May has been a month of progress on something I made a New Year’s resolution to do (but then put off for four months!): catalogue the enormous pile of ripped CD files I’ve built up over the past year or so. Click on the graph at the left and you’ll see how I’ve done: I started the month with 485.1GB of music files sitting in the ‘temporary’ area of my hard disk (which has been pretty permanent for at least 2 years now!), in the form of 10,007 individual FLAC files. As of this afternoon, I’m down to 13.6GB and just 625 files. Most of that is a ‘collected works of Messiaen’ box set, which will take ages to catalogue and tag-up properly, because French is slow to type, what with all its accents (but maybe not as slow as German. And definitely way faster than Czech!)

Undertaking all this cataloguing has meant using my own CCDT tagging program, of course. As a result, I decided to make a couple of little changes to CCDT. The important one is a new run-time switch, called ––namereplace. Run CCDT with that in the launching command and CCDT changes the way it handles music files that already have a track title tag. [...] 

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CPU Shenannigans

Fresh from my war with a new mini PC (which I lost, you’ll recall), I remained determined to do something to upgrade my old workstation-class desktop PC. I bought it second-hand a few years ago: it’s a Dell Precision T3610, which is a bit of a monster, and was originally constructed (I think) in around 2012 or 2013: its warranty says it started in February 2014 and expired in February 2017, so it’s somewhere in that ball-park.

It shipped with a Xeon E5-1620 v2 CPU CPU, which was launched in the third quarter of 2013, so that also helps date the machine. That CPU has (inevitably, as far as Intel was concerned back then!) 4 cores and thus 8 threads when hyperthreading was enabled. Nothing too remarkable, but not exactly shabby, either. I think when I bought it, it came with 16GB of RAM: I soon bumped that up to 96GB. So, it’s not memory constrained either! It also shipped with an Nvidia Quadro K4000, which was cutting edge at the time, but has long since been eclipsed by newer graphics cards: since I don’t play games beyond Solitaire, however, I don’t particularly care how out-of-date my graphics capabilities are! [...] 

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Mishaps and Minisforum Mayhem

Yesterday was not a happy day!

At the end of April (the 23rd, to be precise), I took delivery of the small form factor PC you see at the left. It’s a “Minisforum UM250” and comes with 16GB RAM, a 512GB M2-SSD hard drive and an AMD Ryzen 8-core processor. It is my first brush with an AMD Ryzen processor, which I’ve been keen to get my hands on for quite some time… so I was pretty excited. I was concerned at how noisy a small form factor PC might be: the thermals in such a small space are not great, and my intention was to use this as my main music-playing PC, so quietness is quite important. A review I read on Ars Technica suggested the sound levels were acceptable, so I bit, paid up, and took delivery the very next day. [...]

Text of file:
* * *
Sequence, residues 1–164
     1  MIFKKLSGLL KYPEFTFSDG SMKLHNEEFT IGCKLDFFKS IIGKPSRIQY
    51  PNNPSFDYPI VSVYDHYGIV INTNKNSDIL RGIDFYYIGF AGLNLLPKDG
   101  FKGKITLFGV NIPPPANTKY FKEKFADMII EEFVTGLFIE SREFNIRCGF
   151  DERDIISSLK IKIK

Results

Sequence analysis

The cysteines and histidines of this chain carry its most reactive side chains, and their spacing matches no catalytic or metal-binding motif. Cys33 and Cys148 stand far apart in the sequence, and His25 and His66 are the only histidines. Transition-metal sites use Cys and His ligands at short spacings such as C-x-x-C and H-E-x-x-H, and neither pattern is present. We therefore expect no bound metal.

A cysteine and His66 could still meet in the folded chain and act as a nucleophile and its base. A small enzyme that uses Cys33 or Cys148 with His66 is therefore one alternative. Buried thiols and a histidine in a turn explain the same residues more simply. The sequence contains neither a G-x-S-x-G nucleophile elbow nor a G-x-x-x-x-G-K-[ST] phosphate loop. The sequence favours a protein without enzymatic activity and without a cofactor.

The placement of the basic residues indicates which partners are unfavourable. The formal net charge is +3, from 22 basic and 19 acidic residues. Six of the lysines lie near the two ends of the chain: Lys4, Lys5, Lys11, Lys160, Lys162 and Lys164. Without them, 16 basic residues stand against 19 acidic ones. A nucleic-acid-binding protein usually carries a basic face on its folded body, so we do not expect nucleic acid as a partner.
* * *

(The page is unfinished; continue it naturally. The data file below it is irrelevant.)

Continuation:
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tiny…

Yeah, I know I promised last time no more tinkering with AMP and the next release would be called version 2.

But version 1.22 is out anyway, representing a tiny, tiny, puny little bug-fix! [...] 

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AMP: Are we there yet?

I am aware that as new AMP feature follows new AMP feature, it can feel like a never-ending ride to who-knows-where, prompting the ‘Oh God, not another one!’ reaction, as well as the ‘Will it never end?’ one -as well as the one alluded to in the thumbnail at the right!

For the record, I think we are closing in on a feature-complete AMP that needs no major bug-fixes nor has use for substantial new pieces of functionality. [...] 

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CAO: A Bug Fix

A quick mention that CAO (“Composition-At-Once”) has been updated to fix a mildly serious bug.

CAO turns standalone FLACs into single-file ‘superFLACs’ with an embedded cuesheet, so you still know within the one big file where all the separate tracks are meant to start and finish. CAO can also use that same information to split a superFLAC apart back into its constituent single-file FLACs. It’s an important design requirement of CAO, in other words, that it should always be completely reversible: what it joins together, it should be able to split apart later, should the user so desire. [...]